Was anybody witness to the blind kid's triple ride?
I had ask another park goer why the flyer had not run for over five minutes. They said a blind kid was on the ride and did not get off. He apparently went on three runs before they stopped anyone else from boading until he exited the ride. When he returned for anouther ride he was refused by Mr.Nelson. When asked why he said "because you are blind." I witnessed that confrotaion from outside the exit ramp. Now I saw a legally blind woman ride with no issues whatsoever. I think the kid should have been denied re-entry for his previous failure to follow the rules. Unfortunately the wrong thing was said.
Mr.Nelson was trying to use a "park rule" that the ride may be unsafe for a blind person not knowing when to brace for directonal changes. Story was on Fox 66 news at ten and is not online yet. www.yourerie.com is their website.
Magnums, if getting people down the lift was such a concern, the parks would ban disabled riders as well. While it's a challenge to evacuate visually impaired or handicapped guests from rides, parks have plans for this. They just need staffers to assist or guide the riders down the walkways.
If sight is so important while riding a coaster, why don't parks advise you not to close your eyes? Why do parks run coasters at night or indoors in complete darkness? While you'll get a bumpier ride if you aren't able to see the track ahead, I sincerely doubt that the effect is significant enough as to be a safety issue. If the kid was banned from the ride for refusing to get off, that's one thing, but it's a huge mistake if it was because he was blind.
I saw the kid on Saturday. I can see both sides of the situation here. It can be dangerous to ride a ride as intense of the RF2 but the kid should not be banned from having fun. Yes he should of got off the ride when he was supposed too and yes he should of waited in line like everyone else. But they should allow him to ride.
Again to clarify, he was denied re-admission because he distrurbed operation of the ride way beyond a reasonable level. He called the attention on himself and the ride staff did not want a repeat situation. Mr.Nelson was then called to alert him of this potenial problem. I think distrubing the ride operation is a acceptable enough reason to ban him without the weak legal liabilty b.s.
I have interacted with many handicap people in my lifetime and I never treat them any differtent than anybody else. This kid is one of the few that expects preferential treatment untill someone calls him on it. Then he throws the disrimination card. What a shame. *** Edited 5/19/2008 3:30:44 PM UTC by rsscbell***
But that is not the reason given for kicking him off the ride. The reason given is because he was blind. I often close my eyes on coasters and other rides and it has not been any more dangerous than with my eyes open. Something is wrong with this picture.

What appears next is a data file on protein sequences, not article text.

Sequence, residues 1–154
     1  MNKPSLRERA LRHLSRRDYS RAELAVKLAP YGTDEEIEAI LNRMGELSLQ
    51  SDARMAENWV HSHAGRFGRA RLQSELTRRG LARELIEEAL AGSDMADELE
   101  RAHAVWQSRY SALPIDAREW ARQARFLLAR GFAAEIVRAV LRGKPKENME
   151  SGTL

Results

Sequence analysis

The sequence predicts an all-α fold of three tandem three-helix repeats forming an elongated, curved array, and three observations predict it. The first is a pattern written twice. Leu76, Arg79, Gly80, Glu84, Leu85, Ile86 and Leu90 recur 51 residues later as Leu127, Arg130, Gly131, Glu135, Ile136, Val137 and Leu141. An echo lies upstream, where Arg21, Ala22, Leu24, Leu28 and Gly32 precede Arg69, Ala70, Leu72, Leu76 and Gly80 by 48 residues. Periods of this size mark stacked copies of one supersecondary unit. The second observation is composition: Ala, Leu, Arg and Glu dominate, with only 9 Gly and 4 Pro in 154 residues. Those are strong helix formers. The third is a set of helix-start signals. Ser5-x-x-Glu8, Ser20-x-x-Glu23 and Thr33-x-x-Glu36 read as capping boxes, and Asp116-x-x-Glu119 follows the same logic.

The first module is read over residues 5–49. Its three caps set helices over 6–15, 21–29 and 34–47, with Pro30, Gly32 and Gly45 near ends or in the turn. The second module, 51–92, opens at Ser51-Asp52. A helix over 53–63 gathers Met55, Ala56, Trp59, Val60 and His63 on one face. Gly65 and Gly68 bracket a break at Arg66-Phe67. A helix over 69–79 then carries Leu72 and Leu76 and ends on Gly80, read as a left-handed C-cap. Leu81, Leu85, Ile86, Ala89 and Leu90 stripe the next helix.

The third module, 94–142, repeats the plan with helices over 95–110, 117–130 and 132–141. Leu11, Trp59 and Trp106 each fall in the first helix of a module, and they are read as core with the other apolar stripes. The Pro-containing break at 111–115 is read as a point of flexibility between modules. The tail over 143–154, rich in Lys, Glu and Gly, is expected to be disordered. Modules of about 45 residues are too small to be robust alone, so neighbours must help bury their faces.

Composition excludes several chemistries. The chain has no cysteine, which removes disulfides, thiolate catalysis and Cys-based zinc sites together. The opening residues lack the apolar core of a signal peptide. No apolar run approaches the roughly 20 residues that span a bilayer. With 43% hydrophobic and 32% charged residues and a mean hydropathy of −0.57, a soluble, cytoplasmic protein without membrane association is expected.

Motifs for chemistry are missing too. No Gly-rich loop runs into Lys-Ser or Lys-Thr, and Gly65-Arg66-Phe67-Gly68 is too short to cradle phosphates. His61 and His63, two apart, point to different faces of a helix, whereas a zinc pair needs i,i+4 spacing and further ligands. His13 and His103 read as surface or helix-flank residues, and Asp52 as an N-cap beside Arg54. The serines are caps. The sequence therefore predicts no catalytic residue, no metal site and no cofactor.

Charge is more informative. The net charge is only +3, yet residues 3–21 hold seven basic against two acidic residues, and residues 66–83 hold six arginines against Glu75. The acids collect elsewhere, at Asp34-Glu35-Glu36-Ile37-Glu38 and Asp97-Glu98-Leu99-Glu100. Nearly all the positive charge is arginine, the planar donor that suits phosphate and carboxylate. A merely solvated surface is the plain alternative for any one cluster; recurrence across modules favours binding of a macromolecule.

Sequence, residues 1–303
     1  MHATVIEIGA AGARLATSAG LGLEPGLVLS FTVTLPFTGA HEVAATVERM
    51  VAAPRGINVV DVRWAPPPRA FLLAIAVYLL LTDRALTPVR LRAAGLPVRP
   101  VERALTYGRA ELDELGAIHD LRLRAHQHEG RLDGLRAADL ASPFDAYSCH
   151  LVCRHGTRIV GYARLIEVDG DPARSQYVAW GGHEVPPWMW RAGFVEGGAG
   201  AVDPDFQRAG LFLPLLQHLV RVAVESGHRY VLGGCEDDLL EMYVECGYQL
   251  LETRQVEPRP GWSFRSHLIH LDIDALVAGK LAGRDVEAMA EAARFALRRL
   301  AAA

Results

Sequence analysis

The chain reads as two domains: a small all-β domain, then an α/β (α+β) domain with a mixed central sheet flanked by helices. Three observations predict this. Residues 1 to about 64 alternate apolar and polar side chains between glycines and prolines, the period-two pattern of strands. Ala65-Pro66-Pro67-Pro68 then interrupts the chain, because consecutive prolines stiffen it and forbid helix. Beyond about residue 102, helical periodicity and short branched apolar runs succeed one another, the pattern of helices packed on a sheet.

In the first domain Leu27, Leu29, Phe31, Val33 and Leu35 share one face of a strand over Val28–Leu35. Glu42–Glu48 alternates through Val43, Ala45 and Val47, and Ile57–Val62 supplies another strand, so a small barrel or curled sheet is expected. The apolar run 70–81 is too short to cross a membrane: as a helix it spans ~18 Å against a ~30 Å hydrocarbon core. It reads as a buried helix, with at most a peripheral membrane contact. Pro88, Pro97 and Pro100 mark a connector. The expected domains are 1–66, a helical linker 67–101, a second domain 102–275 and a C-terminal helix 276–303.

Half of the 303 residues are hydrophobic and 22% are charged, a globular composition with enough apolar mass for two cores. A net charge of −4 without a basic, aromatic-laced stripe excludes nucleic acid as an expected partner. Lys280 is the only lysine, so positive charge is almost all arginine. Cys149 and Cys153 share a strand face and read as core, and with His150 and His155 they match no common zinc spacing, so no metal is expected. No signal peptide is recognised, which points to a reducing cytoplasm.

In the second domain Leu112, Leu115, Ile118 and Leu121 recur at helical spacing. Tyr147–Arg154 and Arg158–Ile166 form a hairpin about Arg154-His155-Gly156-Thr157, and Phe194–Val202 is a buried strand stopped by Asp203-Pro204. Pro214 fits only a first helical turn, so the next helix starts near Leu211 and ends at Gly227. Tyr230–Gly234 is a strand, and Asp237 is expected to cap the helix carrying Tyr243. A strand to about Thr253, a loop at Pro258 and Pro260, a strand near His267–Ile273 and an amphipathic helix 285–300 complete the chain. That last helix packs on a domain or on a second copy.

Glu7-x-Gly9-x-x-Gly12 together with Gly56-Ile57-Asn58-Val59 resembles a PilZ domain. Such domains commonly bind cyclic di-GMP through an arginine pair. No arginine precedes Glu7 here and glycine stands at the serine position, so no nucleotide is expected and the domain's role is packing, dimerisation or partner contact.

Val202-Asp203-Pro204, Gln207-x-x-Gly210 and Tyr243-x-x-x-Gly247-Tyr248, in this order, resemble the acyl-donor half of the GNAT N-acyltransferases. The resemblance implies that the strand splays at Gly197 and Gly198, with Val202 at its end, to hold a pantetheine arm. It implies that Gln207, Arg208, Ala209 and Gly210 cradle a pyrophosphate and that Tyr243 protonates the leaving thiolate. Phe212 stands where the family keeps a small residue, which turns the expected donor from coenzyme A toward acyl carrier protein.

Sounds like Mr. Nelson is a little out of touch with reality. He doesn't need a reason to kick the kid off the ride--it's a private park, so he can tell people to do whatever he wants. If they broke a rule, he isn't even obligated to give a refund. If he discriminates on the basis of a disability that doesn't interfere with the operation of the ride, then oh boy, there will be trouble ahead.
The legal reason would have been that re-rides aren't allowed. The kid claimed that he was barred from other rides-- wonder what those were? Where were the friends who were assisting him during this episode? Did they stay on the ride as well?
There probably is a lot more to the story than we're reading now. But at first glance it sounds like the kid wants it both ways. You can't keep me from riding because I'm no different than anyone else-- but I shouldn't have to get off the ride and go back through the queue because I'm different from everyone else.
I saw the kid as well, but I think I caught him in a lie. In his interview last night he said he was with people, where he was actually alone on the coaster. Second, I do not think Nelson was discriminating. If it is true that manufacturer restrictions and/or liability reasons don't allow a blind person to ride, Nelson was right in that sense. Also, he is right that you need to be able to see what's ahead so you can brace yourself. However, Waldameer did mess up by letting him on the ride earlier. I think that the employees, because of the beginning of the season, were still not fully aware of all the rules yet, and that someone must have noticed the park rule violation in which the blind rider was later prevented from riding.
I seriously doubt the manufacturers state that blind people should not ride. Do you really need to brace for the forces on the ride? I have ridden the Voyage with my eyes closed more than once and have lived to tell the tale. That is one reason for restraints.